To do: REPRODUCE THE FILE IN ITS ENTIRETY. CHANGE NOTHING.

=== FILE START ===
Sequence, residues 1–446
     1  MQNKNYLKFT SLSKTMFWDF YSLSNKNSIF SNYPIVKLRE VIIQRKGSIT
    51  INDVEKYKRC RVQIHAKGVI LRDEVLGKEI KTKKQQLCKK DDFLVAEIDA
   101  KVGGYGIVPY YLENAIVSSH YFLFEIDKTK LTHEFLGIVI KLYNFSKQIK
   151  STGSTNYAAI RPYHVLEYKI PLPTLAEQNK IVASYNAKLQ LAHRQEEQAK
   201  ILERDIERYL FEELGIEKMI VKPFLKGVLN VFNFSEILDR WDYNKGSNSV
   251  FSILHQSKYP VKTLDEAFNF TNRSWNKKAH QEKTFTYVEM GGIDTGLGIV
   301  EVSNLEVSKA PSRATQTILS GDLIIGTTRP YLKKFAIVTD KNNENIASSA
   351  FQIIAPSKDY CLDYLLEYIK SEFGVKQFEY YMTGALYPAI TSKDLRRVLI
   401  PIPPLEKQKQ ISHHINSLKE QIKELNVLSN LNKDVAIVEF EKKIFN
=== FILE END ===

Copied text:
Sequence, residues 1–446
     1  MQNKNYLKFT SLSKTMFWDF YSLSNKNSIF SNYPIVKLRE VIIQRKGSIT
    51  INDVEKYKRC RVQIHAKGVI LRDEVLGKEI KTKKQQLCKK DDFLVAEIDA
   101  KVGGYGIVPY YLENAIVSSH YFLFEIDKTK LTHEFLGIVI KLYNFSKQIK
   151  STGSTNYAAI RPYHVLEYKI PLPTLAEQNK IVASYNAKLQ LAHRQEEQAK
   201  ILERDIERYL FEELGIEKMI VKPFLKGVLN VFNFSEILDR WDYNKGSNSV
   251  FSILHQSKYP VKTLDEAFNF TNRSWNKKAH QEKTFTYVEM GGIDTGLGIV
   301  EVSNLEVSKA PSRATQTILS GDLIIGTTRP YLKKFAIVTD KNNENIASSA
   351  FQIIAPSKDY CLDYLLEYIK SEFGVKQFEY YMTGALYPAI TSKDLRRVLI
   401  PIPPLEKQKQ ISHHINSLKE QIKELNVLSN LNKDVAIVEF EKKIFN